It was the summer of 1880 in Paris, 10 years after France's crippling defeat in the Prussian war. Even though France was finally recovering from a serious economic depression, the devastating psychological effect of the war could still be felt. Parisian energy rebounded, however, when workers were given Sundays off. A new society emerged - la vie moderne - and cafes, caberets, dance halls, and theaters all flourished. The building of railroad lines to the countryside allowed Parisians to enjoy their Sundays in the enchanting riverside villages west of Paris.
A small group of artists, called Impressionists, had discovered the new engergy and modern individualism as well. Breaking away from the classic artistic traditions of form and line, with scenes from the Bible or history as inspiration, the Impressionists left their studios to paint "La vie moderne" as they saw it and lived it. Boldly using feathery touches of unblended color in textural brushstrokes, they painted scenes from the caberets, dance halls, theaters and Sunday boaters and picnicers. Pierre-Auguste Renoir was one such painter. The Impressionists met with much criticism, since their technique was such a radical break with the classic artists. One such critic threw down the gauntlet by saying "the Impressionists are inferior to what they undertake. The man of genius has not arisen." August Renoir picked up the gauntlet and created a work of true genius - "Luncheon of the Boating Party."
Susan Vreeland, the author, has given the reader a wonderful fictional accounting of the creation of this masterpiece by Renoir. Renoir met with almost insurmountable obstacles. He had only eight weeks of Sundays to paint it on the terrace of La Maison Fournaise at Chatou before he would lose the good summer light. He was totally broke but somehow had to pay for the huge canvas, paints, fees for 14 models and rent for the terrace each Sunday. When he began working on the painting his right arm was broken, so he painted with his left. Crippling rheumatoid arthritis was beginning to take its toll on his fingers. Woven throughout the book are the personal stories of the 14 people who are in the painting. Their colorful stories paint their own picture of la vie moderne in Paris - an actress, a mime, a journalist, an adventurer, a singer-flower seller, an art collector, a poet, a boatman, a baron, a yachtsman-painter. Vreeland gives us a good taste of the conflicts and hedonism of the era, as well as the anguish and the joy, without which the Impressionists would have had no inspiration.
Matt King's wife is in a coma from a boating accident. Suddenly, he is the one responsible for their daughters, one ten, the other eighteen. Raising the daughters has been mainly the job of his wife. As he begins to learn about his daughters lives, something that he has only been invloved in tangentially, he learns that his wife's coma is irreversible.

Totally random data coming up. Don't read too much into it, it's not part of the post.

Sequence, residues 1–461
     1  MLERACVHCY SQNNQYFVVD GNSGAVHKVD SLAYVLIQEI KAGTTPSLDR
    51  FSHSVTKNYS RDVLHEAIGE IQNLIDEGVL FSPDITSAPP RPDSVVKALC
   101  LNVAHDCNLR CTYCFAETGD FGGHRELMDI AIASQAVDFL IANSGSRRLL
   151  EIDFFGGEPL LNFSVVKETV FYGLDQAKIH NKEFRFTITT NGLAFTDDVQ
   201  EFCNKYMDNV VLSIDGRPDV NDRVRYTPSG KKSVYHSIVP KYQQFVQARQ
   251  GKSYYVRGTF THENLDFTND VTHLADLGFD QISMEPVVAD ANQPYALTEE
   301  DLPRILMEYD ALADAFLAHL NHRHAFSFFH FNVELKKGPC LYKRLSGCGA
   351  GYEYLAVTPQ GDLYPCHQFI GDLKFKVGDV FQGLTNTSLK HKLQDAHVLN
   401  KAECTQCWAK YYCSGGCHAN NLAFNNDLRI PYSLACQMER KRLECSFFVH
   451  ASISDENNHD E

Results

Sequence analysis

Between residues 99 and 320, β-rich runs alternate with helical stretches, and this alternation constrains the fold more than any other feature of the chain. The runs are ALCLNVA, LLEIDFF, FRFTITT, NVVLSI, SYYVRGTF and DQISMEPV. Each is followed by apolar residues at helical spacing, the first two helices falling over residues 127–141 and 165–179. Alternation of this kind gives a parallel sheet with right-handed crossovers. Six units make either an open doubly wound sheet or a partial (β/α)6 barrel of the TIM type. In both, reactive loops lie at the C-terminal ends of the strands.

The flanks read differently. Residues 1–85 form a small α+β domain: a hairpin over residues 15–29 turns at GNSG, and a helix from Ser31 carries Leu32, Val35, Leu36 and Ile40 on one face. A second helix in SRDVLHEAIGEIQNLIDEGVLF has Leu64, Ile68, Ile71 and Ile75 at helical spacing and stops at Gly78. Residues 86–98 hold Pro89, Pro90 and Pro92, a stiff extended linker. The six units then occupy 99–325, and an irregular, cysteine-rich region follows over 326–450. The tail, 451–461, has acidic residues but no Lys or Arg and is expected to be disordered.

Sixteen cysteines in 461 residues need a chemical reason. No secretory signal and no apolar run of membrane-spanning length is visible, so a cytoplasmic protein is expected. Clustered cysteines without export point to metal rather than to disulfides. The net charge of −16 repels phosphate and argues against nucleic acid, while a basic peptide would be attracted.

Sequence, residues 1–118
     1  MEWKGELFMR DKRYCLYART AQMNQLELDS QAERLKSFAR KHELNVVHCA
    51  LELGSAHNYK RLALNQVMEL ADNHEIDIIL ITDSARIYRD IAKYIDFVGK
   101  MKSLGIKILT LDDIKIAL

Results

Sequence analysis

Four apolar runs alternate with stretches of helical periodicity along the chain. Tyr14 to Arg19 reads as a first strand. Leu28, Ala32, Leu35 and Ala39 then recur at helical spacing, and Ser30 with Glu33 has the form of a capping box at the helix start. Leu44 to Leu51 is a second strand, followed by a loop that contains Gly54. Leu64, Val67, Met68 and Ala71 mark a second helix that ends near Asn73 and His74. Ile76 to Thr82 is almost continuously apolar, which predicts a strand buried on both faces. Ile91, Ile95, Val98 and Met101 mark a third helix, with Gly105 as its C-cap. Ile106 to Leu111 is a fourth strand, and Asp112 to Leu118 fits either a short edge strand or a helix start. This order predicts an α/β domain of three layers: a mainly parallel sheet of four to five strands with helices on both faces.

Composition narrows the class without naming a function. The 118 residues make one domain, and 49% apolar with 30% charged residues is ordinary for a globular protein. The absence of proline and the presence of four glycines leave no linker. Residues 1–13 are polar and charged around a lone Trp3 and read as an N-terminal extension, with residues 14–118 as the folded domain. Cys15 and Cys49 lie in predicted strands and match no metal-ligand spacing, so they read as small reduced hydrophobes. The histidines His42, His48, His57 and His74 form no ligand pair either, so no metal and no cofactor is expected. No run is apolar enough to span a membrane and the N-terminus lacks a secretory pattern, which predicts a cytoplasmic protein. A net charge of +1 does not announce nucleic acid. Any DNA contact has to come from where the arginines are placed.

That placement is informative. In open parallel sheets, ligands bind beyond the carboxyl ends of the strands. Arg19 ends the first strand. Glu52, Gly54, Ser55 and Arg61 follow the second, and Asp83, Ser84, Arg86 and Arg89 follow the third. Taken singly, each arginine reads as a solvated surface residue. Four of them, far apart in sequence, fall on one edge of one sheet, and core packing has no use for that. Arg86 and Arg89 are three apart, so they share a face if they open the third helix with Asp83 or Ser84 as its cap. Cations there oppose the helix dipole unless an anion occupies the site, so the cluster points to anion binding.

Matt also is coping with the biggest business deal of his life. He is a descendant of Princess Kekipi of Hawaii and a missionary turned business man. And through that descendance, he and his cousins, have become major landholders. The cousins want to sell most of the land to the highest bidder. Matt is thinking that he would like a local businessman to win the deal so that the land would not be run by some major offsite corporation. Since Matt is the highest shareholder of all the cousins, he can make or break the deal.
Before she was in the boating accident that put her in the coma, Matt's wife, Joanie, rarely was involved in Matt's business plans. Usually, she just ignored it. So it seemed unlike her to want Matt to commit to a particular bidder for the land. Matt thought her involvement might be because the results would affect their daughters. That is until he learned that his wife was having an affair and how the deal would affect all of them.
This is a wonderfully written novel with some very funny and poignant moments. Matt King is a likable if removed Father who now knows he needs to step up his game. He loves his wife and his daughters and wants what is best for all of them. This is a quiet story with great sadness underneath that comes out in their lives, but there is also great hope for Matt and his family.
The Descendants has been made into a movie starring George Clooney. It is currently in limited release in Chicago with a wider release expected in December. Knowing that George Clooney is playing the father will not harm the reading of the book. I can only hope that the movie is as wonderful as this book.
Women, who had been brought up in houses with servants, were finding themselves having to pick fruit in the hot California sun. For many, their prospective husbands lied to them and sent pictures of other, more wealthy Japanese men, to represent themselves. The women have no money to leave, having given the money to their families still in Japan.
The time period is the early twentieth century until the middle of the second World War when most of the Japanese in California had to to go to the Internment Camps. Then the chapter changes to the voices of the white women left behind who notice their absence and wonder where they have gone.
In this slim novel is a wealth of experience, with much to be learned about the women who came over with such hopes for a new and wonderful life. How they had to survive and endure is the beauty of the story.
Ben's homicide instincts kick in and he begins to work behind the scenes when he finds the Homicide Detectives unwilling to listen to his ideas. The bodies start to pile up in this mystery and all the mayor cares about is that it doesn't affect the tourists. Is everyone on the take?
The action moves pretty fast in this dark mystery of secrets and lies. Hopefully we will get to see more of Officer Ben Decovic.